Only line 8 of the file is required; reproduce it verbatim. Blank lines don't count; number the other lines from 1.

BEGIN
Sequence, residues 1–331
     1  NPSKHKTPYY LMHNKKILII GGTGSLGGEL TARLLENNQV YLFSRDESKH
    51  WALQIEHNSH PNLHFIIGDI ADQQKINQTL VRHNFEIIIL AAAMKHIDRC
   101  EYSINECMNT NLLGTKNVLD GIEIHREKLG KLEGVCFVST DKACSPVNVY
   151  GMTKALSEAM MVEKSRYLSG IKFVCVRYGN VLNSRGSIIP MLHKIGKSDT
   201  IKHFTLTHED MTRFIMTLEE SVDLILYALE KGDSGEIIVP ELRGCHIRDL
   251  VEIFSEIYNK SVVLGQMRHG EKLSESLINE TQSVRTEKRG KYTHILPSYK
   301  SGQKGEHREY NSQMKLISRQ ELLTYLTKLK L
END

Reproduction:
   301  SGQKGEHREY NSQMKLISRQ ELLTYLTKLK L